Soviet days were over but getting a Russian visa was just as difficult and expensive as it was during the cold war. I was lucky to avoid the greedy clutches of Intourist by purchasing, via the internet, a visa support invitation from an independent agency here in Irkutsk. Youri Nemirovsky picked us up at the station and brought us to our respective homestays. The next day I went sightseeing and visited Andrew Savchuck, a computer engineer I had met on the internet.
This building on ploshchad (square) Kirova which was previously the Communist Party Headquarters now houses the Government of the Irkutsk Oblast (administrative region)
Irkutsk was founded in 1651 as a Cossack outpost to pacify the indigenous Buriat, Evenk and Yakut tribes and to develop the fur trade with them. It soon became prosperous and attracted adventurers, missionaries and scientists. This "Church of the Saviour" was built next to ploshchad Kirova in 1709. It is now used as a museum showing stuffed animals and early traditional clothing.
Irkutsk became a very active cultural center in the 19th century, especially after the arrival of the noble decembrist exiles. Its great Annunciation Cathedral was destroyed in the 30's to build the Party Headquarters shown above. The Orthodox Church was then very powerful and the city had many churches some of which have survived to this day. The Epiphany Church shown here was built in 1723 across the street from the Saviour Church. It is now an icon museum.
Irkutsk also has a good museum, a monastery and some fine 19th century houses but I had only one day for tomorrow we are going to Lake Baikal which is the real reason why people come here. On that eve, here I am, guzzling beer in the Theater Cafe with Elizabeth Hurst, Paul van Granberg, my internet friend Andrew Savchuck, Andre Coffa, Robert Archland and Nicola Barton.
The building on the left houses the Baikal Limnological Institute (from the Greek "limne", meaning lake). It was set-up during the communist regime to study the lake's marine life and its physical environment. Several highly qualified scientists who have been working there for years are now going through hard times because state funding for the Institute has been drastically reduced. Quitting is no solution for moving away would be very complicated and good jobs are just as scarce elsewhere anyway.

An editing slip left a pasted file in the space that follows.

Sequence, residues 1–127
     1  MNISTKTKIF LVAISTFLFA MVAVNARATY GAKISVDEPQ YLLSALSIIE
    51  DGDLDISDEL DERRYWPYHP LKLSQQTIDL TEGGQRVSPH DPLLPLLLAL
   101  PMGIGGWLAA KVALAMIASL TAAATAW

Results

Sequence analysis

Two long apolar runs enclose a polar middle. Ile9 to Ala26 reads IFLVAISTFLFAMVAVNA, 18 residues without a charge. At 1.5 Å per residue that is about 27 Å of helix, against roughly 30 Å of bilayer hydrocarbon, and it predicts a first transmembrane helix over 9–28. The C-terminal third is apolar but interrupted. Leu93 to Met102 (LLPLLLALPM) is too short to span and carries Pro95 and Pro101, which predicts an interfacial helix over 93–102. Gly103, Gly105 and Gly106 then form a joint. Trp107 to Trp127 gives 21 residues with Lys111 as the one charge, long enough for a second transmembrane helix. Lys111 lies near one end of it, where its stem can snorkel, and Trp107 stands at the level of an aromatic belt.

The Institute's staff must hold outside part time jobs and receive paying guests in their homes to survive. Elizabeth who is a geologist and I stayed with the Obolkins. Luba Alexandrovna is a microbiologist and Vladimir Arkadjevitch has specialized in climatology. It is heartbreaking to see how the economic collapse of the soviet empire has transformed the lives of professionals like these from one of modest but secure comfort to one of precarious poverty. They are not alone in this predicament. Actually they are better off than the average worker many of which have not been paid for months.
The lake's reputation for beauty is not overdone as you can see from this peaceful view of Port Baikal across the mouth of the Angara river. It is really a mouth for the Angara is the lake's only outlet, all other rivers flow into Baikal. The water the Angara drinks from the lake powers the huge Bratsk dam 400 kms downstream before making its way to the Yenisey river a thousand km to the north west and finally flowing into the Arctic Ocean, 1600 kms further north.
I only saw Baikal in its peaceful mood but I am told that its storms can be furious. I can imagine how beautiful this vast expanse must be when it is frozen in winter. Baikal in unique in many ways, it is crystal clear down to 40 meters, it holds one fifth of the world's fresh water, more than North America's five great lakes combined and it is the world's deepest at 1637 meters. Baikal is a rift in the earth's crust like the great rift valley in Africa. It is over 20 000 years old and still spreading apart.
It's flora and fauna have evolved in isolation and 80% of the species are found nowhere else. A truly remarkable place! It was mid may when I was there and the weather was just right for two days. I thoroughly enjoyed walking along the shore and visiting the village which stretches three or four kms.